Olive by Emma Gannon #Olive @emmagannon @HarperCollinsUK #BookReview

Olive by Emma Gannon

Originally published: 25 June 2020

Author: Emma Gannon

Published by: HarperCollins

Genre: Contemporary Fiction

Length: 416 pages

Reading dates: 25-27 July 2020






Knows her own mind.

OLIVE is many things, and it’s ok that she’s still figuring it all out, navigating her world without a compass. But life comes with expectations, there are choices to be made, boxes to tick and – sometimes – stereotypes to fulfil. And when her best friends’ lives start to branch away towards marriage and motherhood, leaving the path they’ve always followed together, Olive starts to question her choices – because life according to Olive looks a little bit different.

Moving, memorable and a mirror for every woman at a crossroads, OLIVE has a little bit of all of us. Told with great warmth and nostalgia, this is a modern tale about the obstacle course of adulthood, milestone decisions and the ‘taboo’ about choosing not to have children.

Olive is independent and knows her own mind, working as a journalist. The books opens with a piece she has written in 2020 for her magazine about her choice to remain childless. The rest of the book is about how she came to this decision.

Olive is in her early 30s and has just split up with her boyfriend of almost 10 years because he wanted children and she did not. Luckily, she has a great group of friends she has known since childhood. They went to University together and are still close. In 2019, her friends have all settled down and are thinking about families. Bea is already married and has a young family. Cecily is heavily pregnant with her first child and Isla is undergoing gruelling IVF treatment.

Olive is tasked with exploring women who choose to remain childless as a task for work. She attends a “Child Free By Choice” evening and is thrilled to discover other women who feel the same as she does. But her feelings cause conflict with her friends who think that Olive doesn’t support their choices. And Olive feels they should support her choice more. I didn’t always like her as a character but she felt real and her friendships felt so authentic!

This was a really interesting read, especially for a 47 year old with two kids. It was interesting to be inside Olive’s head to hear her think about the peer pressure of having kids, how once you get to a certain age it is seen as the next step. I never had that peer pressure – I was the first of my friends to get married and the first to have children (I had my first at 28). I left quite a big gap before number 2 but I don’t remember any pressure on me to have a second and of course for me, the majority of my childbearing was done before the obsession we have with social media.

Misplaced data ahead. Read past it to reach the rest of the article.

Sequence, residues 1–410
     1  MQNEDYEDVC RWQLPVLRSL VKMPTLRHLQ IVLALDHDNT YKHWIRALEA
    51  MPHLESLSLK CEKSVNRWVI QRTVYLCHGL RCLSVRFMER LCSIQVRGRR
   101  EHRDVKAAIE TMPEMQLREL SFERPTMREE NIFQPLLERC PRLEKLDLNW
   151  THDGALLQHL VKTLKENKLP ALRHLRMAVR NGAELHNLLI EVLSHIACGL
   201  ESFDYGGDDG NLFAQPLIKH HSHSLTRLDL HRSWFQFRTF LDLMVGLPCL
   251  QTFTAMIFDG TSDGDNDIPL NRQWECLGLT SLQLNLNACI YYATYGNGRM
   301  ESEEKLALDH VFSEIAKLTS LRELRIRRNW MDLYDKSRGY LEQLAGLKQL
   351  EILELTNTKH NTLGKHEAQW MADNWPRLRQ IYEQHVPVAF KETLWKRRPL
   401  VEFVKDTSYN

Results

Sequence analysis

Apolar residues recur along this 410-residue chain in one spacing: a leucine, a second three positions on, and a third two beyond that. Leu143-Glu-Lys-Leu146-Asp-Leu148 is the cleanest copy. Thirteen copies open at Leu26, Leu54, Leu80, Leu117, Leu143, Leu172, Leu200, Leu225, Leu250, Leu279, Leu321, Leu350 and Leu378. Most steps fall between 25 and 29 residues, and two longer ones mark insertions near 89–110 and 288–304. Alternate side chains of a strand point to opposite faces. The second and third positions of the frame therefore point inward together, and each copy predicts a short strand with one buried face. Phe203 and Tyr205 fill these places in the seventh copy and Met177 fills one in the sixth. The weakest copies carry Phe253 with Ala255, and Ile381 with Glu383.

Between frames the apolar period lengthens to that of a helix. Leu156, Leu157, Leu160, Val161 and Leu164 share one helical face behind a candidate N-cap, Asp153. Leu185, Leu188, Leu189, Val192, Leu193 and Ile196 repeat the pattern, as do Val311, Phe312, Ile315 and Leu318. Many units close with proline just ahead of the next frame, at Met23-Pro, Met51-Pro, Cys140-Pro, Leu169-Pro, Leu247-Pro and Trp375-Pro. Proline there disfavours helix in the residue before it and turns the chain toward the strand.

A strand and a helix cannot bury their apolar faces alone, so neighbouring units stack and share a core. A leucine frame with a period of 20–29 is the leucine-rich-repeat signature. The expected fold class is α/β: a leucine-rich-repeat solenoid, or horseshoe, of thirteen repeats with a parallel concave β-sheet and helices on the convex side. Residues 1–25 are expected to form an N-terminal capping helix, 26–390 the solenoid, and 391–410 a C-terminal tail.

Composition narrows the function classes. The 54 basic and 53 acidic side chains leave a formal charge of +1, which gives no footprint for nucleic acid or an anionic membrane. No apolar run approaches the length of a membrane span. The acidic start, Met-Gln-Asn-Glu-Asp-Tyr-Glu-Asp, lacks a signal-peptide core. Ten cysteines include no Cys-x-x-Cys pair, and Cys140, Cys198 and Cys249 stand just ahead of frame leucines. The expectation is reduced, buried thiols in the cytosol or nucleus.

But it made me think about why women (and men) might not want children. They cost a lot of money and you certainly loose your freedom and independence. Couples often leave it later in life to settle down and it takes longer to get on the housing ladder. And of course women have many more opportunities for fulfilling careers now. Some couples can’t conceive and make peace with the fact they can’t have children rather than going through gruelling IVF treatments.

I loved Olive’s explorations into all the reasons women choose to remain childless and how she finds peace with her decision. With friendship at the heart of Olive, this was a thought provoking, revealing and entertaining read!

Thank you so much to Tandem Collective for inviting me to be part of the Instagram readalong and to HarperCollins for a copy of the book.

About the author:

Emma Gannon

Emma Gannon is an award-winning writer, speaker, Sunday Times columnist and podcaster. Her writing has been published everywhere from the Guardian to Glamour. She is the bestselling author of memoir Ctrl Alt Delete and The Multi-Hyphen Method, which became a Sunday Times bestseller. She is also the host of hit podcast series ‘Ctrl Alt Delete’, which has reached over 5 million downloads.

Olive is Emma’s debut novel.

Twitter: https://twitter.com/emmagannon
Website: https://www.emmagannon.co.uk/


  1. Great to see a book that explores these issues. As someone who’s very happy with one child, I constantly get asked if I’m going to have another (the answer is no!). I also know many childless women who have decided not to have kids. Although it’s more acceptable these days, it’s still not fully understood.

    Liked by 1 person

  2. I often find it insensitive to pressure people in either direction because we never know what might be the reason for their decisions. Some might not have children because medically they can’t (and might have dealt with loss in trying to have children) and others like Olive might have very good reasons,personal, for not having children.

    Liked by 1 person

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